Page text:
In Figs. 1 and 2, both-ends of the rollers 3, the exposed portions of the periphery thereof, the ends of the cup 1 and the outer periphery of the cup are all coated with parafiin 4 or other hard wax. The paraffin also enters the triangular spaces 5 between adjacent rollers and the In Fig. 3 the paraflin coating is confined to the rollers and the portions of the bore 2 of the cup inwardly of the ends.
The para-inn coating may be applied any suitable way, as .by'dipping the assembled cup and.rollers into melted paraffinor other wax, removing the assembly and permitting the paraflln to harden.
The rollers and the cup form a self-contained unit that may be shipped and handled quite' roughly without separation of the parts. When. the rollers and cup have been assembled on the innerbearing member, the paraflin may .be removed by immersingthe parts in hot water or hot oil or by applying heat in any suitable manner. Thus the paraflin may be completely re-- moved and not remain asan impurity in the lubricating oil for the bearing.
The above assembly and process have important advantages. A"tern'porary self-contained assembly of taper rollers and the bearing cup is formed at a minimum of expense." The par- 'affin coating takes the place of the protective 'coating ofheavy grease .that is required to be used on bearings prior to their installation, so that only the-slightest additional expense'is required The bearing parts are protected against rust, dirt and othrjoreign matter, the proper grouping of bearing rollers and cup is provided, no metal cage is needed and the bearings are easily assembled.- 5 I What I claim is: j b l. A taper. bearing roller and cup assemblycomprising a cup having ajconical raceway therein, a multiplicity of taper rollers filling said raceway and :a coating of waxlike material holding said rollers and said cup together. 2. A ftaperbearing roller and cup assembly comprising a cup having a conical r' aceway therein; a multiplicity of" taper rollers filling said raceway and a coating of paraflin'holding' said rollers and saidcup together. i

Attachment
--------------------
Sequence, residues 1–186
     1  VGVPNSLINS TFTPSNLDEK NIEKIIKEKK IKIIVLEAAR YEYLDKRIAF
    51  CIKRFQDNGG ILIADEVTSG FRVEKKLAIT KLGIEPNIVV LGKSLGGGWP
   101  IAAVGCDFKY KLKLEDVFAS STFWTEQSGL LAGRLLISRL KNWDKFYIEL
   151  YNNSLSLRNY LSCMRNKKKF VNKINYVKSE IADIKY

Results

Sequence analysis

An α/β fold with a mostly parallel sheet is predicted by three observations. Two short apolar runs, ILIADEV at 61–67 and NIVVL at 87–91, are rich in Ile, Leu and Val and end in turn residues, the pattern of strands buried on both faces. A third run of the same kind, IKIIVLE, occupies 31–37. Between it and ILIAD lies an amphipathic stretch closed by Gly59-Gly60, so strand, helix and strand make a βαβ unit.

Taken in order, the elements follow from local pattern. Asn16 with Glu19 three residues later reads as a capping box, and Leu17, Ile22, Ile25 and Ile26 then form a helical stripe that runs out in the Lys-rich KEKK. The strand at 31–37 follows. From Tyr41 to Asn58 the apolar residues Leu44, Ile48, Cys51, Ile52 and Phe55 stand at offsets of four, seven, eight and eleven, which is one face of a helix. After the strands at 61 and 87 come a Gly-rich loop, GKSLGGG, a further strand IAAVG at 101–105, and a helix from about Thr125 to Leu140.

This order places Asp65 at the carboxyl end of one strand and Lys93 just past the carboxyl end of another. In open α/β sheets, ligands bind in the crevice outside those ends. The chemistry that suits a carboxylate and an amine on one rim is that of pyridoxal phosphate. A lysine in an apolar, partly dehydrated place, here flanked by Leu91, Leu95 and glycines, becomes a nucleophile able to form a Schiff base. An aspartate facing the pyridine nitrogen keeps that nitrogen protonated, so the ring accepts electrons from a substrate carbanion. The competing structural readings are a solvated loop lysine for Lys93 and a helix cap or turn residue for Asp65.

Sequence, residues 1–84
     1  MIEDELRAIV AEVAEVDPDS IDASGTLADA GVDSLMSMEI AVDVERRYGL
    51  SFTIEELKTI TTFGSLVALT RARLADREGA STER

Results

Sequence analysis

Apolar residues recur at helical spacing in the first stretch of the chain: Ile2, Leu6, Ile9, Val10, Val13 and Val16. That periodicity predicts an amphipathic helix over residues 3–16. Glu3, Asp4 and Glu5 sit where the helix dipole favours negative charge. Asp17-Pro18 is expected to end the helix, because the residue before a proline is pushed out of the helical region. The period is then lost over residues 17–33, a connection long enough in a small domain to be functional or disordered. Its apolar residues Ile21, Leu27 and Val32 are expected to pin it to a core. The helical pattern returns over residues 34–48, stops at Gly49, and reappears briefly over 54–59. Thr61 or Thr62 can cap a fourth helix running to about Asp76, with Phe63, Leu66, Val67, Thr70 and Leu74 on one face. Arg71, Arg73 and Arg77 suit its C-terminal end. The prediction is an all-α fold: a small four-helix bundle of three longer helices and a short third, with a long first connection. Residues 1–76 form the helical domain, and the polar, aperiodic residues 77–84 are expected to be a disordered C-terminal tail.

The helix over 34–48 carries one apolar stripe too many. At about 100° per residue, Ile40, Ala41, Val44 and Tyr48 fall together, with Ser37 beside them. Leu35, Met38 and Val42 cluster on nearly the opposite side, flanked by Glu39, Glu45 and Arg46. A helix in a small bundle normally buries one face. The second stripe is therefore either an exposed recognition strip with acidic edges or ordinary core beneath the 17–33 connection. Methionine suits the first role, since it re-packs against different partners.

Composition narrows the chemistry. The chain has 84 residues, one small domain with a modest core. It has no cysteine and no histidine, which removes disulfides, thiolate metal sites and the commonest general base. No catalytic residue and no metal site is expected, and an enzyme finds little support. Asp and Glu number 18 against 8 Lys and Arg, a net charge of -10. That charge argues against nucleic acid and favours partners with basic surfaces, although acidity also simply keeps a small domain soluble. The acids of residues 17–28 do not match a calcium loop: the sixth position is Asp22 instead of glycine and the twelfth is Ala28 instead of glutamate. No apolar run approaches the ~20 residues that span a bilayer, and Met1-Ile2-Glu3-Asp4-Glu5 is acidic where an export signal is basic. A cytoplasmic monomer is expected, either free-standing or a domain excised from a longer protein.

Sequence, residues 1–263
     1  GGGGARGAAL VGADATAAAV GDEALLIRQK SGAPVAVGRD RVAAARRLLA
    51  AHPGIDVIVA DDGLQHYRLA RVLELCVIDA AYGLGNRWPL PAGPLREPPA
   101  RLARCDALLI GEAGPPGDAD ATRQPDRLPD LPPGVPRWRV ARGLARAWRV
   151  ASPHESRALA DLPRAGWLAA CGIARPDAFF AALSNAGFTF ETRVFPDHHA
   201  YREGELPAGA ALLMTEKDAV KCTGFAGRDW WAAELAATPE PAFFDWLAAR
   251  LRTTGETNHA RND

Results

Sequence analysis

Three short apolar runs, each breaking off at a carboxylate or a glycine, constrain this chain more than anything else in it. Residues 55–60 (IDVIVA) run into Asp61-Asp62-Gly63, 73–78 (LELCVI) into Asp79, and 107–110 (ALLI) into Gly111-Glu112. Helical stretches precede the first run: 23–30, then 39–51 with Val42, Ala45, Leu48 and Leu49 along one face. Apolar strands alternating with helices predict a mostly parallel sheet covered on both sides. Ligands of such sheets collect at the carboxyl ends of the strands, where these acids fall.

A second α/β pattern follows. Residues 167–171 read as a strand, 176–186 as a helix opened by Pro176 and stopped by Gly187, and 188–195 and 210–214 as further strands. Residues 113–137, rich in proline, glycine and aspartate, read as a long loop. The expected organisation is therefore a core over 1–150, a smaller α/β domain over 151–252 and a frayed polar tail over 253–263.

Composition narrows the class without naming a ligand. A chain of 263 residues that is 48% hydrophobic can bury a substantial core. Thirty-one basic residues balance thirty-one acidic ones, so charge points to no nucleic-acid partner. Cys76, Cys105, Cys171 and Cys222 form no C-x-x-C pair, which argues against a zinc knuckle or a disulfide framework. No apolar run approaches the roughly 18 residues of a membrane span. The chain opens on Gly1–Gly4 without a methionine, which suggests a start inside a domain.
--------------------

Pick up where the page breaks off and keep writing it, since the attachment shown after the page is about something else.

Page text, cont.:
-3. A taper bearing roller and. cup assembly 110 in, a multiplicity of taper rollers filling said race way, the sides of adjacent rollers contacting with each other, and a coating of waxlike material holding said rollers and said cup together.
4. A taper bearing roller and cup assembly comprising a cup having a conical raceway therein, a multiplicity of taper rollers filling said raceway and a coating of waxlike material on the, exposed portions of said rollers and the bore of said cup for holding said rollers and said cup together.
5. The method of assembling taper rollers in a bearing cup comprising placing said rollers in said cup with their edges in contact and coating the exposed portions of said rollers and of the interior of said cup with a waxlike material.
6. The method of assembling taper roller bearway, said rollers being shorter than said cup and being disposed so that said cup projects beyond both ends of said rollers, the sides ofadjacent rollers contacting with each other, and a coating of wax like material holding said rollers and said cup together. V
- WILLIAM L. SCRIBNER.